Incidence and outcome of acute lung injury and acute respiratory distress syndrome in the surgical intensive care unit.

Singh G, Gladdy G, Chandy TT, Sen N - Indian J Crit Care Med (2014)

Pattern of PEEP among survivors and non-survivors of acute respiratory distress syndrome
© Copyright Policy - open-access
Related In: Results  -  Collection

License
Show All Figures
getmorefigures.php?uid=PMC4195196&req=5

Figure 4: Pattern of PEEP among survivors and non-survivors of acute respiratory distress syndrome
Mentions: From Table 6, it can be noted that although the PaO2/FiO2 ratio of the non-survivors of ARDS was higher compared with the survivors on Day one, the trend changed on Day 4, with non-survivors showing a consistently lower PaO2/FiO2 ratio thereafter. The mean LIS of the non-survivors of ARDS was higher on Day 1, and continued to be so until death. The radiological injury did not show any significant difference until Day 4, from when the non-survivor group showed a consistently higher injury. The mean PEEP in the non-survivor group remained consistently high since the onset of the inciting insult, which implies that those who required higher PEEP to maintain oxygenation were at higher risk of death due to ARDS. This is demonstrated in Figures 1–4. The lung injury, as evidenced by low P/F ratio, higher PEEP and more number of radiological quadrants involved, are more pronounced on Day 4 than on the day of onset of illness. This may be because of the large number of patients with extrapulmonary causes of ARDS.

Bottom Line: The ventilatory parameters and chest radiographs were recorded every 24 h.The P/F ratio, PEEP and Lung Injury Score were calculated each day until the day of discharge from the Intensive Care Unit or for the first 7 days of admission, whichever was shorter.Those who develop ARDS had higher APACHE II scores, lower pH and higher PaCO2 at admission compared with those who developed ALI or no lung injury.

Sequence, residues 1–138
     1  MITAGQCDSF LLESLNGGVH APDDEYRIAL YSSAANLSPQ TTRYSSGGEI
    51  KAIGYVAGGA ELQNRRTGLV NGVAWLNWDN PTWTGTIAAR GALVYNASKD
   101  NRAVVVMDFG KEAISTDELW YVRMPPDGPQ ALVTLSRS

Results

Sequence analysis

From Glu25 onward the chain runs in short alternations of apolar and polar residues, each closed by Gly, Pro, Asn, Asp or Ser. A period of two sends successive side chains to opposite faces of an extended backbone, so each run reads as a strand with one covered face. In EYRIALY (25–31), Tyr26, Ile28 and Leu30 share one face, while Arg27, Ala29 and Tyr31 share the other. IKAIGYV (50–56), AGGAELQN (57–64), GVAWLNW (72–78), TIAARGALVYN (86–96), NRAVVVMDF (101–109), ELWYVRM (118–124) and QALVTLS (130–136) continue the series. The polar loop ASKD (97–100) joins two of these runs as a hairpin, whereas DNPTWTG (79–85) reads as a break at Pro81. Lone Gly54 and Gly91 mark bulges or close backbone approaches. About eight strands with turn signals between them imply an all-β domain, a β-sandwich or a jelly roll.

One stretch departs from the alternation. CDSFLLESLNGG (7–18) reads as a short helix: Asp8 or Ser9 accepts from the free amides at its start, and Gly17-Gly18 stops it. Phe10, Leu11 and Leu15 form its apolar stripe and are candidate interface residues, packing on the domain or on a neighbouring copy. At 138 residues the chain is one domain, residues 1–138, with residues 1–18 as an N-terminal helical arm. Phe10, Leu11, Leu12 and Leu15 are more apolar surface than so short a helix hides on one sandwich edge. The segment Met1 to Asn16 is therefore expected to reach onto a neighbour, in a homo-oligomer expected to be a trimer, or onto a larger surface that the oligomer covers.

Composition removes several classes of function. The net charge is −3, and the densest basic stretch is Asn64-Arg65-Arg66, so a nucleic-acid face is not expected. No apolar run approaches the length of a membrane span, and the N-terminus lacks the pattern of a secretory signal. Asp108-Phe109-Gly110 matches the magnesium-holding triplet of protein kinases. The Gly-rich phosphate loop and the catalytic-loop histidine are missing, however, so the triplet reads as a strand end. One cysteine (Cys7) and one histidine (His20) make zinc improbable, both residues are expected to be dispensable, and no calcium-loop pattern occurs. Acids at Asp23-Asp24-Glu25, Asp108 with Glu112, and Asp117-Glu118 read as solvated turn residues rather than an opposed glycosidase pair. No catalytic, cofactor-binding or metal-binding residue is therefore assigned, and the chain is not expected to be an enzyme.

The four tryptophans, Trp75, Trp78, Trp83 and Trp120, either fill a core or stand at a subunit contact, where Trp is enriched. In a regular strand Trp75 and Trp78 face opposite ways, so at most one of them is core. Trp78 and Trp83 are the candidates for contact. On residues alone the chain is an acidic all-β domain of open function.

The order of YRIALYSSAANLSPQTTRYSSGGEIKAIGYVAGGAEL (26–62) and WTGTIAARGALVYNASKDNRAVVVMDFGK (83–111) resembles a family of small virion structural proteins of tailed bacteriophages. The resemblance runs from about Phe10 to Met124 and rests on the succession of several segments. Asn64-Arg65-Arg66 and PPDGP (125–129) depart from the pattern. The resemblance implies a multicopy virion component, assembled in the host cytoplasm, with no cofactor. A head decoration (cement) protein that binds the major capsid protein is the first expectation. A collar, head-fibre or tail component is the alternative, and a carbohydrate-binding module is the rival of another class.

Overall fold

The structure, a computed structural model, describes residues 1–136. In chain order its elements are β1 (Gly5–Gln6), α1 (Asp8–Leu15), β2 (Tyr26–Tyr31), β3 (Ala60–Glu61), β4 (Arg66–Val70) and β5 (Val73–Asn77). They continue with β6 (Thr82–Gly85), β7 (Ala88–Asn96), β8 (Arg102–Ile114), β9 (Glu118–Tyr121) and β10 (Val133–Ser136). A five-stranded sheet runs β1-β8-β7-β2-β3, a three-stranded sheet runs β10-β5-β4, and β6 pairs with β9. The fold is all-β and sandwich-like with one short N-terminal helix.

View Article: PubMed Central - PubMed

Affiliation: Department of Anaesthesia, Christian Medical College and Hospital, Vellore, Tamil Nadu, India.

ABSTRACT

Introduction: To determine the incidence and mortality of acute lung injury (ALI) and acute respiratory distress syndrome (ARDS) in a cohort of patients with risk factors admitted to the Surgical Intensive Care Unit (SICU).

Materials and methods: A prospective observational inception cohort study with no intervention was conducted over 12 months. All patients with at least one known risk factor for ALI/ARDS admitted to the SICU were included in the study. The APACHE II severity of disease classification system scoring was performed within 1 h of admission. The ventilatory parameters and chest radiographs were recorded every 24 h. The P/F ratio, PEEP and Lung Injury Score were calculated each day until the day of discharge from the Intensive Care Unit or for the first 7 days of admission, whichever was shorter.

Results: The incidence of ARDS among those who were mechanically ventilated was 11.4%. Sepsis was the most common (34.6%) etiology. Among those with risk factors, the incidence of ARDS was 30% and that of ALI was 32.7%. The mortality in those with ARDS was 41.8%. Those who develop ARDS had higher APACHE II scores, lower pH and higher PaCO2 at admission compared with those who developed ALI or no lung injury.

Conclusion: The incidence and mortality of ARDS was similar to other studies. Identifying those with risk factors for ARDS or mortality will enable appropriate interventional measures.

No MeSH data available.


Related in: MedlinePlus